Conservation biologists argue with each other a lot. Mostly over small stuff, but quite a lot. We are a delicious mishmash of disciplines, career paths and cultural world views. Our reasons for being here are often deeply personal, and vary from crowd to crowd – so it shouldn’t be a surprise that we don’t always agree on the best way to do things (think about hot-button issues like offsetting or triage). These arguments can be exciting and fun and enlightening! But it’s very hard to explain your reasoning to others if you don’t truly know it yourself.

It will help you write better papers
I recently had my favourite piece of work rejected. It was a long time in the making, and a long time in review, so I was a bit shattered. But my reviewers, bless their patient souls, gently pointed out that while the data were good, and I told a nice story, the two didn’t match. It seems I painstakingly analysed and presented my data, only to ignore it when writing the discussion. How embarrassing. I realise now that I’d been so excited about one aspect of the work – the one I really really wanted to find – that I developed tunnel vision and couldn’t see the rest of the data that I myself had presented. It was a brutal reminder, and one I won’t soon forget.

So, for the sake of conservation, science and your sanity, I encourage you to touch base with your inner four-year-old every now and then. What’s conservation biology to you? Are you in it for the wildlife, human-wellbeing, or maybe for the cool maths? When do your values come into play ? And are you aware of it when they do?


4 comments on “Conservation: What’s it to ya?

  1. Like your post and your field work which I have followed (road bridges)Kylie. We have to do something about road-kill, esp. in Tas. Getting back to your post, I’m not in science but I am also committed to saving species/habitats and believe science is the only way. However I’m beginning to think we are a tiny minority pissing into the wind. Everything is going in the other direction (a boys thing). Maybe we are just Conservatives who cannot abide change. Reading The Conversation today, note the piece
    which I cannot access because I’m a mere human.
    I’m an artist and have to speak on the odd occassion and I cover ecosystem services, health benefits etc, but its all too remote for general audiences. Even when I say up to 2kg of each of us is somebody else (biota) all those brains hone in like magnets to human concerns. So, give some thought to the augument thay WE are the environment now, there is no ‘pristine’place to ‘save’. I’m with you, but the push seem to be coming from this direction..via science/academia.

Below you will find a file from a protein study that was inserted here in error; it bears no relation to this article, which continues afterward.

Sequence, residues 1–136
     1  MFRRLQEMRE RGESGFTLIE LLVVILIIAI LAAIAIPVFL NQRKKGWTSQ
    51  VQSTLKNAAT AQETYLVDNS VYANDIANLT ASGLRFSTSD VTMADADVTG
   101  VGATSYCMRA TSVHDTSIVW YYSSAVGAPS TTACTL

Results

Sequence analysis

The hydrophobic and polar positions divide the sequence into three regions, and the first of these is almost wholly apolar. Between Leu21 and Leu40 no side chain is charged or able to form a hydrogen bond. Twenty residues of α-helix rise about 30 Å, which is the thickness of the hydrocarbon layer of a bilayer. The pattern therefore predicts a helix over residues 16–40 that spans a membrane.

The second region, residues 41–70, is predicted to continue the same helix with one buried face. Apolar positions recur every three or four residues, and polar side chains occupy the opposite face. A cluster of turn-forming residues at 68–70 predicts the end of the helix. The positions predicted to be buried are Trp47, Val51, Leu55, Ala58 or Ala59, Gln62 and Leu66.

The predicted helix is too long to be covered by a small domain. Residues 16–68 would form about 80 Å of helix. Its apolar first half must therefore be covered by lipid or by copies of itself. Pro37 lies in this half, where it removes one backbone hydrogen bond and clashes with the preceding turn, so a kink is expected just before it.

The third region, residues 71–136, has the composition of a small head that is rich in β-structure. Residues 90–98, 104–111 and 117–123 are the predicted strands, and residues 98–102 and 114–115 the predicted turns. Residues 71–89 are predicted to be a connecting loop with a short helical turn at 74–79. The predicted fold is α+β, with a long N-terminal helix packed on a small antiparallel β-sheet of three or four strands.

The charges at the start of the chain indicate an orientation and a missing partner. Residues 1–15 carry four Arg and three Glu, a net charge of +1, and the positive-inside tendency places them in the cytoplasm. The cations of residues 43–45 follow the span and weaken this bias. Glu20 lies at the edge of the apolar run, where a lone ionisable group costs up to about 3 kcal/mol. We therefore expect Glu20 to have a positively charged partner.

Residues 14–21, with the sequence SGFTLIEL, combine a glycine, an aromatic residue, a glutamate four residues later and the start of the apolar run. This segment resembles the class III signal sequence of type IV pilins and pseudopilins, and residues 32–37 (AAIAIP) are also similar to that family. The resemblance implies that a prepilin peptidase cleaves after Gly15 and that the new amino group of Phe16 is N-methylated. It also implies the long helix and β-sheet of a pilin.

2. Oh Kylie, that drawing. ❤

    I really appreciate your point about disentangling our evidence and our values and using both constructively.


  3. Simon Heyes

    I work in land management and started postgrad research just over a year ago. Land management is very much about values based decision making, sprinkled with bits of science here and there. As for scientists, I think scientists are kids who never grew up. Kids are always asking great questions about their world!! Mine was, where do ants take their food (answered by feeding them sugar and attempting to dig up the nest) and my parents were appalled when they woke in the morning with an army of ants raiding every cupboard for the sugar I fed them the day before!


    • Thanks Simon! I completely agree – often the spark starts young. It can get lost somewhere along the way, but we tend to find it again. And yes, values are a such core component of land management! It’s important that we figure out what those values are, how they affect our decision making and management, and how we can work to get the best outcomes for all (or what the ‘best’ outcome even looks like for a given landscape!). Not an easy task by any means…but important all the same. Good luck on your postgrad journey!